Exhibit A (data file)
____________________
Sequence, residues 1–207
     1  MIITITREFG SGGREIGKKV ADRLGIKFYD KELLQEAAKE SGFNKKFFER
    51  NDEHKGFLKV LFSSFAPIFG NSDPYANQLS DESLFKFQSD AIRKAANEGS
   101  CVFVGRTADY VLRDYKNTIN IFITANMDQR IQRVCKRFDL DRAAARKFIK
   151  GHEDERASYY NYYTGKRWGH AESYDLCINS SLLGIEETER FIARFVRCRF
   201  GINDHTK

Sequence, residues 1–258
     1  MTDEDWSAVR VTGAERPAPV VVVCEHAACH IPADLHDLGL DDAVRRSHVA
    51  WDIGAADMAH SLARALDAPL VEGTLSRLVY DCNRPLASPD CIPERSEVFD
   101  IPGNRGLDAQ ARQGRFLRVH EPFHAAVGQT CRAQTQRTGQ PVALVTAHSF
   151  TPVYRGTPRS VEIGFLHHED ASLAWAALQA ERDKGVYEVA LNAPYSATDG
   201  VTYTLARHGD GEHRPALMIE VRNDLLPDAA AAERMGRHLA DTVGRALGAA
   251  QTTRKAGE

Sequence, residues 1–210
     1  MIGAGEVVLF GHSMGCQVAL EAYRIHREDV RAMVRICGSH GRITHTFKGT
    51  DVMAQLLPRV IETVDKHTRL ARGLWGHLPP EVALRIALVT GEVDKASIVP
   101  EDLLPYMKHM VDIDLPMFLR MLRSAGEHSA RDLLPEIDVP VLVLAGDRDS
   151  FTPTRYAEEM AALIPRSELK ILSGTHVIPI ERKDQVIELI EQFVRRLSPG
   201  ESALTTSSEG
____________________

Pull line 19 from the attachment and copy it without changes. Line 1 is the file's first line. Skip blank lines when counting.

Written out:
   201  ESALTTSSEG